acid-detergent insoluble ash
cusp shape of the anterior cusp
cusp shape of the posterior cusp
grass/rice husk diet
grass/rice husk/sand diet
The mesowear signal changes with age within a species and at different rates across species (Rivals et al., 2007). However, the length of time this signal takes to develop has not been investigated thus far. Most likely, this period is short in lagomorphs and rodents, where a reliable signal can be obtained (Fraser and Theodor, 2010; Ulbricht et al., 2015) even though the cheek-tooth crowns are completely replaced within 1–2 weeks (Müller et al., 2014, 2015).
In order to test whether, and at which rate, a controlled diet can induce mesowear changes, goats were provided with diets of varying abrasiveness for a period of 6 months. We expected individuals fed with a phytolith-poor diet to develop a high–sharp mesowear signal and individuals fed with a phytolith-rich diet to develop a low–round to blunt mesowear signal. An even more drastic effect was anticipated when the same diet was used with added external abrasives. The change in macroscopic tooth shape was recorded using computed-tomographic (CT) imaging and mesowear scoring of CT scans at the beginning and the end of the experimental period.
MATERIALS AND METHODS
The animal experiments were performed with approval of the Swiss Cantonal Animal Care and Use Committee Zurich (animal experiment license no. 115/2009). Twenty-eight adult female domestic goats [Capra aegagrus hircus (Linnaeus 1758)] of mixed breeds and varying ages (Saanen goats, Chamois Colored goats and Toggenburger goats; mean body mass 60±8 kg, estimated age 3–10 years, exact ages unknown), with unknown previous feeding history, were randomly divided into four groups, each consisting of seven individuals, and kept in a stable with an indoor compartment (40 m2 per group) consisting of a slatted concrete floor, an area covered by industrial carpet, and an outdoor compartment (12 m2 per group) with a concrete floor. The duration of the feeding experiment ranged from 182 to 198 days for 24 animals and from 107 to 176 days for four other animals that were euthanized before the end of the experiment owing to reasons unrelated to the study (see the original data file in the Dryad deposit for details on individual animals: doi:10.5061/dryad.658433g). At the end of the experimental period the animals were slaughtered and the skulls were prepared by enzymatic maceration at the Center of Natural History, University of Hamburg, where they are permanently curated in the Mammals Collection.
All animals were fed lucerne hay and lucerne pellets for ad libitum consumption for 2 weeks before the first CT scan and the start of the experimental diet feeding period. The experimental diets differed in abrasiveness between the groups, with increasing abrasiveness from lucerne pellets (L), grass pellets (G) to grass pellets with rice husks (GR) and grass pellets with rice husks with an addition of sand (GRS; sand for playgrounds, grain size 0–1 mm, REDSUN garden products B.V., Heijen, Denmark; mean particle size 0.233 mm). These diets were of the same batch as those used in experiments with rabbits (Oryctolagus cuniculus) (Müller et al., 2014), guinea pigs (Cavia porcellus) (Müller et al., 2015) and in vitro with horse teeth (Karme et al., 2016). During the production of the pelleted diets, care was taken to ensure that the proportion of indigestible abrasives in the GRS diet was mimicked in the other diets by a similar proportion of indigestible, non-abrasive filler, to ensure comparable levels of energy and nutrients per amount of pellets (Müller et al., 2014). Grass hay was provided to all groups except for the lucerne group, which was fed lucerne hay. A total of 1500 g of pelleted food and 100 g of hay was provided daily per animal. It should be noted that in this experiment, the diets were designed to mainly comprise pellets, and the provided proportion of hay was therefore lower than the normal forage ration for ruminants. Water was available for ad libitum consumption at all times. Samples of all diet items, as well as feces of all animals, were analyzed for acid-detergent insoluble ash (ADIA) as a measure for silica (abrasives) content (Hummel et al., 2011); a nutritional analysis of the pelleted diets is given in Müller et al. (2014). Diet samples represented a composite sample of each hay and pellet type, blended from individual weekly samples; fecal samples of all animals were collected immediately before slaughter, i.e. after the animals had been on their respective diets for 6 months.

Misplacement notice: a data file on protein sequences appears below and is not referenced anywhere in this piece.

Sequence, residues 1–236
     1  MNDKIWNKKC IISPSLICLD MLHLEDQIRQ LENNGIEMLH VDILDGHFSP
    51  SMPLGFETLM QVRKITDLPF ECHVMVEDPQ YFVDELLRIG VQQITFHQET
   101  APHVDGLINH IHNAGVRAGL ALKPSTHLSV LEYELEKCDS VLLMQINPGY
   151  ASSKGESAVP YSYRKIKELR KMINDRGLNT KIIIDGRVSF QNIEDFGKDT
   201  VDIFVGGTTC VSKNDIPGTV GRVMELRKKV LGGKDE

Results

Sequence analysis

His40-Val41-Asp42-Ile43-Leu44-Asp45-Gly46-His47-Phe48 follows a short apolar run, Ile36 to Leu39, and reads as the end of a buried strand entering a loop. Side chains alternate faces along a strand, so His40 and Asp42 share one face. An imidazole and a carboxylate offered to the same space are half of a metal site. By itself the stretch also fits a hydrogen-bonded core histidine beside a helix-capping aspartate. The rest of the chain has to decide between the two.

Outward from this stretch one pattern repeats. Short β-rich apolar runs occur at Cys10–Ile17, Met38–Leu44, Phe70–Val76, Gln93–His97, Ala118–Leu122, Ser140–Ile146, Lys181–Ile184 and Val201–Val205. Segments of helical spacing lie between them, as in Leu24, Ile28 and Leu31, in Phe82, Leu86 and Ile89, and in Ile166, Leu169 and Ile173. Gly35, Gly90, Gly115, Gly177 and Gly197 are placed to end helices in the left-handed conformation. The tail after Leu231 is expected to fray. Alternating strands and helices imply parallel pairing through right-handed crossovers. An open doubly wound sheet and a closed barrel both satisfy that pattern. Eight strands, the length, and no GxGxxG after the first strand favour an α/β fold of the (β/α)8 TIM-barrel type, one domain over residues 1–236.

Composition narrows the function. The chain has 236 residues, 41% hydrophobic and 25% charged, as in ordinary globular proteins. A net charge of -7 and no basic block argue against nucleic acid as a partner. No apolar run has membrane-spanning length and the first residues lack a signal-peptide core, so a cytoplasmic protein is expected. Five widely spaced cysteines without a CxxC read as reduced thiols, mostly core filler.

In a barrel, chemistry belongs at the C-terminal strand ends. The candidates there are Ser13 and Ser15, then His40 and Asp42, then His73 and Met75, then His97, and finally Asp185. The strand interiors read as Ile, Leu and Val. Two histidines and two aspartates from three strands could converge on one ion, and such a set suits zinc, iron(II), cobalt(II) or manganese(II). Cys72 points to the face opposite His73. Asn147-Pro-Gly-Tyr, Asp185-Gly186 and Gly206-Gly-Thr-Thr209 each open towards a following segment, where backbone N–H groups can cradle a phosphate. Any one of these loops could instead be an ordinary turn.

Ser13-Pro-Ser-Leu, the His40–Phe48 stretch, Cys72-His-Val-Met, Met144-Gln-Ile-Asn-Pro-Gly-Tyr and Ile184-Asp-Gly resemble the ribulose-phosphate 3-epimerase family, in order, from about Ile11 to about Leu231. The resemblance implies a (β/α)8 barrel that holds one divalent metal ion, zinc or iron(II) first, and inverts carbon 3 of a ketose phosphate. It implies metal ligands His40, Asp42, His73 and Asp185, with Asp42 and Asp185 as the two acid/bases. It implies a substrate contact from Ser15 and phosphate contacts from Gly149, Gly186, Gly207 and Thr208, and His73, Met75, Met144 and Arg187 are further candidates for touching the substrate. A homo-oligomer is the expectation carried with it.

CT images were acquired from a helical multislice Siemens scanner (Siemens Medical Solutions, Erlangen, Germany) housed at University of Zurich Tierspital. The parameters kept constant throughout were: tube voltage at 120 kVp, image matrix of 512×512 pixels, field of view 980×332 pixels, slice thickness of 0.6 mm and B60s convolution kernel. The animals were scanned at the start of the experiment, while they were in groups but not yet on experimental diets. The scans took place under general anesthesia with ketamine 10 mg kg−1 (Ketonarkon®, Streuli Pharma AG, Uznach, Switzerland) and xylazine 0.1 mg kg−1 (Xylazin Streuli, Streuli Pharma AG) intramuscularly. Anesthesia was maintained with isoflurane (Attane®, Provet AG, Lyssach, Switzerland) administered in oxygen using a facemask. The first CT scan was used as baseline for the tooth condition. Another CT scan was performed post mortem.